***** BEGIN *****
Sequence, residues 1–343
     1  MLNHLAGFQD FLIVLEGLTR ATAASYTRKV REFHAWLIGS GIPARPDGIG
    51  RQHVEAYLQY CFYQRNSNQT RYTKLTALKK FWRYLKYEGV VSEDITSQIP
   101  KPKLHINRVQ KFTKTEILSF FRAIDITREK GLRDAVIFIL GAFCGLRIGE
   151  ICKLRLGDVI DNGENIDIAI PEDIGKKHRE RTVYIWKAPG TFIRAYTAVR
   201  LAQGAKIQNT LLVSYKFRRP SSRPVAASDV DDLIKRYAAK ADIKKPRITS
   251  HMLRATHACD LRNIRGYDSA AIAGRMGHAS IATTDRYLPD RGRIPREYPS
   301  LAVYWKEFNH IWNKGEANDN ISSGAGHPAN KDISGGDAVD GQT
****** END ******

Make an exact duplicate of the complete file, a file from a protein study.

Sequence, residues 1–343
     1  MLNHLAGFQD FLIVLEGLTR ATAASYTRKV REFHAWLIGS GIPARPDGIG
    51  RQHVEAYLQY CFYQRNSNQT RYTKLTALKK FWRYLKYEGV VSEDITSQIP
   101  KPKLHINRVQ KFTKTEILSF FRAIDITREK GLRDAVIFIL GAFCGLRIGE
   151  ICKLRLGDVI DNGENIDIAI PEDIGKKHRE RTVYIWKAPG TFIRAYTAVR
   201  LAQGAKIQNT LLVSYKFRRP SSRPVAASDV DDLIKRYAAK ADIKKPRITS
   251  HMLRATHACD LRNIRGYDSA AIAGRMGHAS IATTDRYLPD RGRIPREYPS
   301  LAVYWKEFNH IWNKGEANDN ISSGAGHPAN KDISGGDAVD GQT